San Francisco boasts iconic landmarks and lively neighbourhoods, making this a favourite among travellers. It’s the fourth largest city by population in California. You’ll most likely want to spend at least a few days here before exploring further afield on a road trip or pairing it with another west coast gem such as Los Angeles, San Diego, Portland or Seattle. But what should you see while you’re there? Here are some suggestions from Mundana for must-see San Francisco.
The Golden Gate Bridge
With its International Orange paint job, there’s no missing San Francisco’s Golden Gate Bridge. It has linked the Presidio to the Marin Headlands since 1937. The stats are impressive: it measures 1.7 miles long, its towers stand 227 metres high (at times shrouded in fog) and more than 80000 miles of wire make up its two cables that support a suspended roadway. Take in the view from Fort Point or Baker Beach. On the opposite side of the bridge, you’ll find charming Sausalito, known for its art scene. From there you can book a seaplane flight over the city and bay – a water landing is an unforgettable experience.
One of the best places to hang out along San Francisco’s waterfront is at Fisherman’s Wharf. Many visitors choose to dine here – there are good seafood options where you can enjoy salmon, Dungeness crab and shrimp overlooking the water. There are also a number of visitor attractions including the Aquarium of the Bay, the 7D Experience and Madame Tussauds. Depending on the season, you might see a large colony of sea lions at Pier 39. Check them out on a webcam before your visit. These noisy creatures first started hauling out onto K-dock after the 1989 Loma Prieta earthquake and have been coming back ever since.
Some of America’s most notorious criminals were held in Alcatraz. This almost impenetrable island prison was operational from 1934 to 1963. During that time it housed hardened gangsters like George “Machine Gun” Kelly and Al Capone. No longer a federal penitentiary, it’s now a must-see San Francisco landmark. You’ll need to reserve well in advance to get a spot on one of the boats that ferry tourists over to “The Rock” but it’s somewhere you won’t want to miss. Ranger and docent-led tours help you to imagine what it would have been like to have been incarcerated here as you tour the cell house. Night tours are also available if you can handle this spooky place after dark.
No roundup of must-see San Francisco would be complete without a mention of Chinatown. Dive in through the Dragon Gate at the intersection of Grant and Bush Streets, installed in 1970. Admire Tin How Temple, a Taoist temple dedicated to the sea goddess Mazu. Pay a visit to the Chinese Historical Society of America Museum to find out more about the immigrant experience and the history of Chinese settlers in and around the city. There are a slew of great eateries. Check out China Live, which combines food with a marketplace. Grab some fortune cookies at the decades-old Golden Gate Fortune Cookie Company on Ross Alley. You’ll also want to call in to Red Blossom Tea for a tasting.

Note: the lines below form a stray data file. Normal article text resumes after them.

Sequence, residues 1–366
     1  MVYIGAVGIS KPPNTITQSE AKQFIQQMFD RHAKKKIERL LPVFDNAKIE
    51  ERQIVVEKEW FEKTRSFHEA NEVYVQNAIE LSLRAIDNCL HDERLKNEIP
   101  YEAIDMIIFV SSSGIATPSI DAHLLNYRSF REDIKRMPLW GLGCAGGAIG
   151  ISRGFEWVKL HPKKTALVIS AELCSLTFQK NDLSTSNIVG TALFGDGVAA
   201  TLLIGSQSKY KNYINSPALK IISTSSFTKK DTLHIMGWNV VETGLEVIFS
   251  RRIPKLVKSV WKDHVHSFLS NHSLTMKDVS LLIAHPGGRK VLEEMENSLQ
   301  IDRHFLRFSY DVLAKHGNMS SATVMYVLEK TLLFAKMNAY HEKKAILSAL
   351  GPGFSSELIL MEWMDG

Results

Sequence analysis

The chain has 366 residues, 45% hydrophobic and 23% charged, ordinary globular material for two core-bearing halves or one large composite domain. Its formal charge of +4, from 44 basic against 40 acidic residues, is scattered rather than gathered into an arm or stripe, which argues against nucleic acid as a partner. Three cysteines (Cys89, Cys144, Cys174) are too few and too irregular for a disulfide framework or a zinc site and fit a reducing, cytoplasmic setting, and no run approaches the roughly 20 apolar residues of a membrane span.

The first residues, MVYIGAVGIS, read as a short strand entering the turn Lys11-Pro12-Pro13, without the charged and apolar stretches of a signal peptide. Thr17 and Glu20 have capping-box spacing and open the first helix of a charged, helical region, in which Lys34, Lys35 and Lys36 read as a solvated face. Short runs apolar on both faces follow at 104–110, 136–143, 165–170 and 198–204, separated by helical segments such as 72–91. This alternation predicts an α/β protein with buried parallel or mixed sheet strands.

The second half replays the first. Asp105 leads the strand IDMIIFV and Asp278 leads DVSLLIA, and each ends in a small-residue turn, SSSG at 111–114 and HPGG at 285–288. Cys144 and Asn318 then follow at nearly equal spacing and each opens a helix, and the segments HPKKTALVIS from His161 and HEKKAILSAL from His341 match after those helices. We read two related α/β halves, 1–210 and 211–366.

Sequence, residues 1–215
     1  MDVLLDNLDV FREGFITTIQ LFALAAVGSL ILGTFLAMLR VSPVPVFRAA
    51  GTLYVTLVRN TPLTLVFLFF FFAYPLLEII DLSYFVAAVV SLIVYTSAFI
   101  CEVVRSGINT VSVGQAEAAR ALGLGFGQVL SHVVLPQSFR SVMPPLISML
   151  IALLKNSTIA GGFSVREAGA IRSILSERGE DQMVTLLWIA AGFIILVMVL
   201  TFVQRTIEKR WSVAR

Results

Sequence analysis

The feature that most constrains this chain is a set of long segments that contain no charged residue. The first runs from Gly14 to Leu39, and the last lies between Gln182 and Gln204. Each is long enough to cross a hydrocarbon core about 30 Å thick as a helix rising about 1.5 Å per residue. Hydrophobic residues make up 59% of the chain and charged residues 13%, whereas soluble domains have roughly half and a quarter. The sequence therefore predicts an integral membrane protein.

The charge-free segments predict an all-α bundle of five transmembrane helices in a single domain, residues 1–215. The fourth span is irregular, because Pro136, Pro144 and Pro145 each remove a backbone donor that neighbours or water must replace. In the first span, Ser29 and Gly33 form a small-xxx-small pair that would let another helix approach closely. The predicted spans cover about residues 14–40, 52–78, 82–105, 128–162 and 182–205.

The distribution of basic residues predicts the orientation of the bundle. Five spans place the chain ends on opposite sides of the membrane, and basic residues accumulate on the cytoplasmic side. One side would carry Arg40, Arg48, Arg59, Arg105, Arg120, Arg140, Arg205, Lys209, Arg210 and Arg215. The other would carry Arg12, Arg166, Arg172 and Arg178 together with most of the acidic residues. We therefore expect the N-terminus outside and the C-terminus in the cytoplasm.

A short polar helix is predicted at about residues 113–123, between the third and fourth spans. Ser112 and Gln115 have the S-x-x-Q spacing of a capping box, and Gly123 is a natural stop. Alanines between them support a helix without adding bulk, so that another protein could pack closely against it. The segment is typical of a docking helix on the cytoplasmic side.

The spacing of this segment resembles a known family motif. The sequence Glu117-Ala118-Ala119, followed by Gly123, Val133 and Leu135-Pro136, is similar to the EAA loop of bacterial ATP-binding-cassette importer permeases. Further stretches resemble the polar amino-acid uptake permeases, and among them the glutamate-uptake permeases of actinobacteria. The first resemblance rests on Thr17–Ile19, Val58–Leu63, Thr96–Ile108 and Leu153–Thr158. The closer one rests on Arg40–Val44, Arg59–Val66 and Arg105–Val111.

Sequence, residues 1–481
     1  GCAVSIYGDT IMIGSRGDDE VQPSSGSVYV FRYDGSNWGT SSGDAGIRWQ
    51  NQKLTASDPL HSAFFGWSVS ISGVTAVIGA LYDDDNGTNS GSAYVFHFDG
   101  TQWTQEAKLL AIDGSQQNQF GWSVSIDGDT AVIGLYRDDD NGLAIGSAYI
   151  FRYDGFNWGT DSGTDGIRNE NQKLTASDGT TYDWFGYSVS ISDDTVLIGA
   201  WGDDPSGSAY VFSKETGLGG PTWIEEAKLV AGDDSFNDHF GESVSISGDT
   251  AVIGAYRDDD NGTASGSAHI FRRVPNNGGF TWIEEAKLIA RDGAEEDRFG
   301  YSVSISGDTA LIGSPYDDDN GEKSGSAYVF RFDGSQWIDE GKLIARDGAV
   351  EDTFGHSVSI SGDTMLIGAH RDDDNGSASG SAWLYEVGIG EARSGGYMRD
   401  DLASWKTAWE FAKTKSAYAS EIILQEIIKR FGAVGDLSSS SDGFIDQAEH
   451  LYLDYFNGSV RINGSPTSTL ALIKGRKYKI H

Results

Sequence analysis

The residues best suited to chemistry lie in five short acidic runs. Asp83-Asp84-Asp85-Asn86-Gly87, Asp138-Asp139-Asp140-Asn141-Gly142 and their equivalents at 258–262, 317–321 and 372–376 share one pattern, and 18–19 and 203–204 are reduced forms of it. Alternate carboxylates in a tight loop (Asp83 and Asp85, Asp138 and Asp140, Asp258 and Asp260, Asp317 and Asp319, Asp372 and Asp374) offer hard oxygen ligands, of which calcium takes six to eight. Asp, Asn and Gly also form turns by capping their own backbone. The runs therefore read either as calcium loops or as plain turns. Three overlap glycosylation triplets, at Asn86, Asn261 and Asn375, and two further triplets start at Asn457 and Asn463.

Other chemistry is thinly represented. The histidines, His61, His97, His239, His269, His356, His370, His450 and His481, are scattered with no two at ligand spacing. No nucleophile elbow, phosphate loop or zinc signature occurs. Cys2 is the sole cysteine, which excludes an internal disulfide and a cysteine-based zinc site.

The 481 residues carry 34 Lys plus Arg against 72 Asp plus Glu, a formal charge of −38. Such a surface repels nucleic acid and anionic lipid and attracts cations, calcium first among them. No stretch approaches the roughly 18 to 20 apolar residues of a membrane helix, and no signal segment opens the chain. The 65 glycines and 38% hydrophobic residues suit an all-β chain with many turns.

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The cable cars
Getting up San Francisco’s famously steep streets is made considerably easier if you hop on one of its cable cars. You’ll hear their bells ringing from several blocks away. This historic means of transport was first introduced in 1873. Little has changed since then, though they’ve been refurbished of course. As the world’s last manually operated cable car system, it’s recognised as a national historic monument. Hop on and watch as the cable car gripmen move and stop the cars. Captivated travellers can hang out at the cable car turnarounds on Powell, California and Market. Alternatively, visit the Cable Car Museum on Mason Street in Nob Hill where you can learn about their history.
This quirky street bills itself as the world’s crookedest street. It’s not. In fact it’s not even the crookedest street in San Francisco. That honour goes to Vermont Street. But that doesn’t stop people queuing up to drive down its switchbacks. There are eight hairpin turns in the space of just one block. When the road was planned more than a hundred years ago, it was designed to cope with the 27 degree gradient which was challenging for the vehicles of the time. If you’re visiting on foot, you can walk down. Though you’ll need to stick to the pavement (sidewalk), there are several points where you’ll get a good view of the twists and turns for a souvenir photo.
This pretty row of houses on Steiner Street overlooks Alamo Square Park. These Victorian era homes are sometimes called the Seven Sisters or Postcard Row. They’ve become one of the city’s most iconic sights. Partly that’s because of their colourful paint job. But they’ve also featured in many films and TV shows, from Dirty Harry to Full House. Time your visit for sunset, as the colours intensify and the setting sun casts a warm glow over the street. If you want to see inside, it’s rarely possible as these are private residences. However, occasionally tours are offered, so check listings to see if there’s a convenient date. You might also want to check out the Four Seasons in Haight Ashbury – not the luxury hotel chain but a row of four similar properties.
One of San Francisco’s most distinctive buildings is Coit Tower. You’ll find it in the 4.9 acre Pioneer Park at the top of Telegraph Hill. Its elevated position means it can be seen from many points across the city. The tower dates from the 1933. The money came from a woman called Lillie Hitchcock Coit, who left $125000 in her will for something that would add beauty to the city she adored. The result, designed by acclaimed architect Henry Howard, stands 64 metres high. Inside, you’ll see a series of murals painted by some of the best local artists of the time. They show what life would have been like in 1930s San Francisco.
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